DOC HOME SITE MAP MAN PAGES GNU INFO SEARCH PRINT BOOK
ANSI implementation-defined behavior

# Integers

This section describes the implementation-defined characteristics of integers. It corresponds to section ``F.3.5 Integers'' in the ANSI document.

## Integer range and representation

Integers are represented as follows:

```   char == signed char
unsigned char

short == signed short
unsigned short

int == signed int == long ==  signed long
unsigned int == unsigned long

```

NOTE: The section ``C Implementation Limits description'', later in this appendix, presents the range of values each integer type can take on.

## Demotion of integers

When an integer is converted to a shorter signed integer, if the value cannot be represented, the excess bytes are truncated. For example if:

```   char c = (char) 0xabcdef;
```
then the value of c is 0xef.

When an unsigned integer is converted to a signed integer of equal length, if the value cannot be represented, the conversion is the same, but the value is treated like a signed number.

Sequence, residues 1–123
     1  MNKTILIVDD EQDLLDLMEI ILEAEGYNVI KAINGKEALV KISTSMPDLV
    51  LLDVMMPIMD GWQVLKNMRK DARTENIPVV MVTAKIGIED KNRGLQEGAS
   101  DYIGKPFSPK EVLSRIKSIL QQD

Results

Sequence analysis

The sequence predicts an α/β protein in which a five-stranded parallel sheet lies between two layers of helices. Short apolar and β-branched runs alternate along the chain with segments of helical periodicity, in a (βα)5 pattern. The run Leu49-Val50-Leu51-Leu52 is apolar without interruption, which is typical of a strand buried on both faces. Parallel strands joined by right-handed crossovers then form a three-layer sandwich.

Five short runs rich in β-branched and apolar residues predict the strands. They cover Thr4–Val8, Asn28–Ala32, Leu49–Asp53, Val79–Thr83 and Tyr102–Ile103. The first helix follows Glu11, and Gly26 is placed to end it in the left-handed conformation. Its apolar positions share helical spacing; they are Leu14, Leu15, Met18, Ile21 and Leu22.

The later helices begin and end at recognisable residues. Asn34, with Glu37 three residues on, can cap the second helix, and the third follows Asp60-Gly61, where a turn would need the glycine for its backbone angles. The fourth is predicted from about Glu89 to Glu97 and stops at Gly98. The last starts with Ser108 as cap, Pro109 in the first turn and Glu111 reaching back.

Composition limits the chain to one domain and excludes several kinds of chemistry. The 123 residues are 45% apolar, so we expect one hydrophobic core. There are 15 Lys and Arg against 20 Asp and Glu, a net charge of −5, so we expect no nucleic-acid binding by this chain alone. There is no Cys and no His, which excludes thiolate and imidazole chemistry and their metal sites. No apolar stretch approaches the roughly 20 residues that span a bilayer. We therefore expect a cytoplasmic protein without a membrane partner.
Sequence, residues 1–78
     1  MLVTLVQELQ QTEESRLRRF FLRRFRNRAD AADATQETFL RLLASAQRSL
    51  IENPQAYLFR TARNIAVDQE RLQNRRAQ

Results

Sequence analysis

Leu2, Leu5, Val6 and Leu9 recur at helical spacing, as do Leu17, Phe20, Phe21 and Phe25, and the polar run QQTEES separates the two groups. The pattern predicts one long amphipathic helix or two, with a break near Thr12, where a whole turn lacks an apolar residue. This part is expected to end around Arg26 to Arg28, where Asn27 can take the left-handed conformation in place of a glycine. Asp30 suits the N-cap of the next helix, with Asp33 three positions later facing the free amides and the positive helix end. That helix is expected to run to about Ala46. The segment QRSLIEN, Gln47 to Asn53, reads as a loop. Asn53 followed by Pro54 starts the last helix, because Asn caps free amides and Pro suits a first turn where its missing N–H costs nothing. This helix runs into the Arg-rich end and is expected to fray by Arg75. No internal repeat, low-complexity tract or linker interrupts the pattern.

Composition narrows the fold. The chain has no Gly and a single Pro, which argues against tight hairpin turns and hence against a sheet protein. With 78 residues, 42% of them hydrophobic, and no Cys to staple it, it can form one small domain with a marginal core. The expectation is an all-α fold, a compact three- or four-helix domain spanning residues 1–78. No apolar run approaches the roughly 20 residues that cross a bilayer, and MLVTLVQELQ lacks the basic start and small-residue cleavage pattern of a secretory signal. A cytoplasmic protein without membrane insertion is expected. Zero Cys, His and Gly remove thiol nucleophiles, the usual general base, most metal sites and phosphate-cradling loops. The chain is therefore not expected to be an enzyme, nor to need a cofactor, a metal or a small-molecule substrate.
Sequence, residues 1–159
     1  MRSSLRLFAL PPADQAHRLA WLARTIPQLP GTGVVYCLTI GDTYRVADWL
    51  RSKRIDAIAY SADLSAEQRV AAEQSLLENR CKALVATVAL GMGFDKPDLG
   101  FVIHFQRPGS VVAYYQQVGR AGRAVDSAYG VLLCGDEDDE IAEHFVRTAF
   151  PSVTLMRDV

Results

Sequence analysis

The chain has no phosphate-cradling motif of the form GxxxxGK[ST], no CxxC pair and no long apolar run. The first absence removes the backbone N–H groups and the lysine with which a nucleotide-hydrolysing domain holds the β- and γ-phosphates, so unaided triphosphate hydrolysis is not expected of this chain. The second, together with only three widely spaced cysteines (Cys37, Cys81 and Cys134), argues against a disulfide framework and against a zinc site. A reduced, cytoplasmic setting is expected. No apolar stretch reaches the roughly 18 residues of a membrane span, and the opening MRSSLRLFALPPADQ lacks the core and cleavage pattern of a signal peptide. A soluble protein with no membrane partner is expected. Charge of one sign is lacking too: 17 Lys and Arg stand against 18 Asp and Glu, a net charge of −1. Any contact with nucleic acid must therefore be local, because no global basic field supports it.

## Signed bitwise operations

In bitwise operations on signed integers, each of the operands of a bitwise operation is subject to the ``usual arithmetic conversions''. Consequently, narrow integers are subject to ``integral promotions''. For example, a short is promoted into an int. If the value of the short is negative, the sign is extended in the int. After the promotion, bitwise operations on signed ints are applied as if they were applied on unsigned ints.

## Sign of division remainder

When integers are divided and the division is inexact, the sign of the remainder is the same as the sign of the dividend.

## Right shift of negative-valued signed integer

When a signed integral type with a negative value is right shifted, the sign is extended.

Next topic: Floating point
Previous topic: Characters